[Updated February 15, 2021]
Choosing a new bike for yourself can be a complex decision, but picking the best one for your kids can be almost as daunting. The amount of money available to spend on a bike that will be outgrown in a few short years is usually the main influence on most parental buying choices. However, given that you’re reading this article, you’re likely to be making a decision not solely dictated by your wallet.
‘Keep it simple’ is a good maxim to keep in the front of your mind when considering kids’ bikes – even more so with the youngest riders. While it’s tempting to arm your little ripper with a suspension equipped and geared bike as soon as possible, this adds unnecessary complication and - crucially - weight. This can result in bikes aimed at 6 and 7-year-olds weighing well in excess of 12kg – more than half a child's average weight and the equivalent of you riding a full-sus eMTB with the motor permanently switched off!
The other key consideration to get a bike that fits correctly. Given the outlay for a new bike, it’s easy to go for a bigger size so your kid will grow into it. However, a bike that’s too big will feel unwieldy and make it difficult to ride – affecting confidence, stunting progress and possibly putting them off cycling altogether. Wheel-size usually dictates the frame size, with wheels ranging from 12 to 26 inches.
What's best for kids from 2 to 4 years old?
Once your child can safely get themselves around on two legs, you can think about introducing them to doing the same on two wheels and a balance bike is the best place to start.
Stripped of pedals and (usually) brakes, these pint-sized incarnations of the velocipede (a pedal-free bicycle forerunner) enable kids to teach themselves the rudiments of bike balance and handling while having a great time as they scoot about. Once ready to move up a pedalled bike, they can usually make the transition to riding one pretty quickly without the need for stabilisers or much adult assistance.
Almost all balance bikes come with spoked 12in wheels and pneumatic tyres. Frames are usually aluminium (though wood and even carbon versions are available), some models come with a rear V-brake, while others have proper bars, stem and headset set-ups. Weights range from 3 to 6kg.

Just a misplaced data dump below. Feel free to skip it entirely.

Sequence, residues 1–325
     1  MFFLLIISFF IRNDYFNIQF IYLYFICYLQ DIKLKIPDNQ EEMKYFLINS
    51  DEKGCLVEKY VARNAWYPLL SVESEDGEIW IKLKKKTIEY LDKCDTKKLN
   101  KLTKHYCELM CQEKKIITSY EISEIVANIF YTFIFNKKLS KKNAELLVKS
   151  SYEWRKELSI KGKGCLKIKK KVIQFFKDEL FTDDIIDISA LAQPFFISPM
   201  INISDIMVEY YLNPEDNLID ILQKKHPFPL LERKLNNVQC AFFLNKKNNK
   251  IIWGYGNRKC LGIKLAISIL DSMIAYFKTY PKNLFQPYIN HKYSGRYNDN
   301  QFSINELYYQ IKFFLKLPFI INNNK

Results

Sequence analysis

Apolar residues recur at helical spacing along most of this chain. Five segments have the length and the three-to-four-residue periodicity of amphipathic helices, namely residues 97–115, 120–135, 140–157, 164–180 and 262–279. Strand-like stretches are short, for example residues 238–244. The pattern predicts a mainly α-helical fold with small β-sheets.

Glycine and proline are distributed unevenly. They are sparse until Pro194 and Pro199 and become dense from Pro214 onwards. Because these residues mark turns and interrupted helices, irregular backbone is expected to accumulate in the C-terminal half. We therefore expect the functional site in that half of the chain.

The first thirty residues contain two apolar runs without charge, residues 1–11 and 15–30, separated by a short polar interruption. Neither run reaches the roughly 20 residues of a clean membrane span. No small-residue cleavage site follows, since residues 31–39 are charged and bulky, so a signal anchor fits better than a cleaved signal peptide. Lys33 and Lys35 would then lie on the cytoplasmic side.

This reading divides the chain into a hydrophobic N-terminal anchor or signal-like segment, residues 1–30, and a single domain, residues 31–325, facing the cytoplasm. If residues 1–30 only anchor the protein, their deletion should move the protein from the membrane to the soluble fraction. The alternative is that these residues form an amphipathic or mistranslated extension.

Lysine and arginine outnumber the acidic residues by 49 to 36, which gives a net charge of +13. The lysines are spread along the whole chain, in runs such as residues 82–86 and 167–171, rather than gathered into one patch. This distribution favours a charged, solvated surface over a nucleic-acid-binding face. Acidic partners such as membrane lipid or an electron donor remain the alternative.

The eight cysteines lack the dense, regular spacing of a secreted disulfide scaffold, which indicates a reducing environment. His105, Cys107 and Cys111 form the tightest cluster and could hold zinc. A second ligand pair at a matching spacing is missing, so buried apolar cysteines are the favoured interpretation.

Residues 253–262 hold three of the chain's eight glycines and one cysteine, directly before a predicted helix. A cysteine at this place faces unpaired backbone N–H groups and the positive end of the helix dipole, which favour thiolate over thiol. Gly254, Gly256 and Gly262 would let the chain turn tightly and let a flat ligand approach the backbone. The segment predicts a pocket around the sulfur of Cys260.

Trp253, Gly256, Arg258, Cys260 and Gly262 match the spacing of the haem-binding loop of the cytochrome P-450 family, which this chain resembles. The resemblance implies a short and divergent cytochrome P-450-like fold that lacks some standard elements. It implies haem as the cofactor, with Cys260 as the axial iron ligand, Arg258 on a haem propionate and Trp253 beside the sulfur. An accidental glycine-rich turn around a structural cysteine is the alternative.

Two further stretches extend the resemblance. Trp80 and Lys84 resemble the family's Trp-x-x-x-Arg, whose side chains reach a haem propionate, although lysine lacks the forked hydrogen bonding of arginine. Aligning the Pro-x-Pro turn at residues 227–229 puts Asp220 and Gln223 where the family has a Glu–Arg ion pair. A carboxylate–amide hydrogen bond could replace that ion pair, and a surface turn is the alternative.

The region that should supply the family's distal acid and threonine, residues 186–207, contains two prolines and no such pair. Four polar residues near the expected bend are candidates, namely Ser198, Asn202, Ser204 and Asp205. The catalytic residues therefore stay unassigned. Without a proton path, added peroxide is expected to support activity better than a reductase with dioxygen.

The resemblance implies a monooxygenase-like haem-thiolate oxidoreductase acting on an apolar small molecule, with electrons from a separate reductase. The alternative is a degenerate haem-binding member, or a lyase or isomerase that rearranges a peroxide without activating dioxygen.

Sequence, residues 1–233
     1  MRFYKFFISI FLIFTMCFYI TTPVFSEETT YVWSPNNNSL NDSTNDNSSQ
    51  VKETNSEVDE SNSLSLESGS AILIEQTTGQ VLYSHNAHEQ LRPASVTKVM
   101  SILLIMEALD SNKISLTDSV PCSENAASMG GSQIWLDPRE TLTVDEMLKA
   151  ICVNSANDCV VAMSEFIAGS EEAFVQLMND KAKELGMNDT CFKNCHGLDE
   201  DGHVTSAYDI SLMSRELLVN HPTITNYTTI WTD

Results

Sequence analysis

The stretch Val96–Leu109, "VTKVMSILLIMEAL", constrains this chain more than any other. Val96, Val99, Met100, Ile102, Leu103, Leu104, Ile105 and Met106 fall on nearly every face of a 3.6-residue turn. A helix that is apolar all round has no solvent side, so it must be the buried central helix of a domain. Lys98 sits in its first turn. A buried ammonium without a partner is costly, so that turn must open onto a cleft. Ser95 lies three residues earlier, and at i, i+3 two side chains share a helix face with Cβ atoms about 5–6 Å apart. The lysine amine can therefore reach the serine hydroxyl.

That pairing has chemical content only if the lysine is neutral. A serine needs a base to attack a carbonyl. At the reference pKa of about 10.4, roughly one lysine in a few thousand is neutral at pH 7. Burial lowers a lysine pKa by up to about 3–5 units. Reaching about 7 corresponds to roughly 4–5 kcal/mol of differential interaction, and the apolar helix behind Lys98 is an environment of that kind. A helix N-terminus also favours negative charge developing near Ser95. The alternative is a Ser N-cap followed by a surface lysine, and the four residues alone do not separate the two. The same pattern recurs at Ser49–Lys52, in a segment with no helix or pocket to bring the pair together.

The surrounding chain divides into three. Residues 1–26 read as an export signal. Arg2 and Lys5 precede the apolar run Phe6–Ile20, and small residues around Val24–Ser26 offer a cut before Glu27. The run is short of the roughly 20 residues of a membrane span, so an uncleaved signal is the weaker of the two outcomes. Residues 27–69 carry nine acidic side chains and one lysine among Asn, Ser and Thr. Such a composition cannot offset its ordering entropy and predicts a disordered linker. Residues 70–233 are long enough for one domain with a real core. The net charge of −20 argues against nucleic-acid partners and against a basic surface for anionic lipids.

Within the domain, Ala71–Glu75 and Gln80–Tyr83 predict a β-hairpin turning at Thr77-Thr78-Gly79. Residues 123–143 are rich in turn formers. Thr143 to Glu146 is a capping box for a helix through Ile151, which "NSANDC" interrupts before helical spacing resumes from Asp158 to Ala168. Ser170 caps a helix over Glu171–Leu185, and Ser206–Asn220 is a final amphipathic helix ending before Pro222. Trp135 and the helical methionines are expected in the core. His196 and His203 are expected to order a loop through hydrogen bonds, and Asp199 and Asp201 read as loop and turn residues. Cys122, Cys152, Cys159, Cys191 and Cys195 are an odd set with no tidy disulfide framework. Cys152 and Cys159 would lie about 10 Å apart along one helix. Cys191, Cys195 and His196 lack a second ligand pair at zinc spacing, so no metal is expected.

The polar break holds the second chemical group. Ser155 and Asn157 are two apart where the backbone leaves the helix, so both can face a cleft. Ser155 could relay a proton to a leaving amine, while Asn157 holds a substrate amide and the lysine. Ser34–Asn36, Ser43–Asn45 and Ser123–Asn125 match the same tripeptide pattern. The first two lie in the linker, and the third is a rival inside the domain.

Best on a budget for 2-4 years old
Just £70 gets you this basic but sound aluminium-framed balance bike from Halfords, with 12-inch wheels, thin grips for small hands, fat tyres and a rear brake.
Best money no object for 2-4 years old
A straightforward balance bike, with lots of attention to detail, and a brake so your future downhill world champion has a chance of slowing down a bit when she has to.
For our purposes, the Tadpole's 1.75in tyres mean it edges out the otherwise similarly excellent Islabikes Rothan with its 1.25in rubber. That bike is well worth a look if you think Junior can do without the Tadpole's fat tyres.
What's best for kids 4 years and up?
Your child’s first proper pedal bike should have an upright riding position to help give them confidence, a low centre of gravity for better stability and components (e.g. brake levers) designed to fit the intended rider. Fortunately, with the likes of Islabikes, Frog and Early Rider, there are many bike brands around that tick all of these boxes. The main benefit of spending more cash is that you’ll get a lighter and therefore more user-friendly bike.
Look for single-speed bikes with BMX-style bars with slimmer tubing, short cranks with a narrow Q-factor (the width between the pedals), a low bottom bracket and short reach brake levers. Light wheels are highly desirable too and while it’s tempting to go for chunkier off-road tyres, at this stage a low rolling resistance helps keep speeds and stoke levels up.
Wheel sizes come in at 12, 14 and 16in - with the most suitable depending on the age and height of the rider. Steel framed bikes are typically cheaper and heavier, while aluminium frames are a fair bit lighter. Higher specced models come equipped with a proper bar, stem and headset set-up and have enclosed chains or are belt-driven to protect inquisitive fingers. V-brakes are standard, while bike weights range from 5 to 10kg.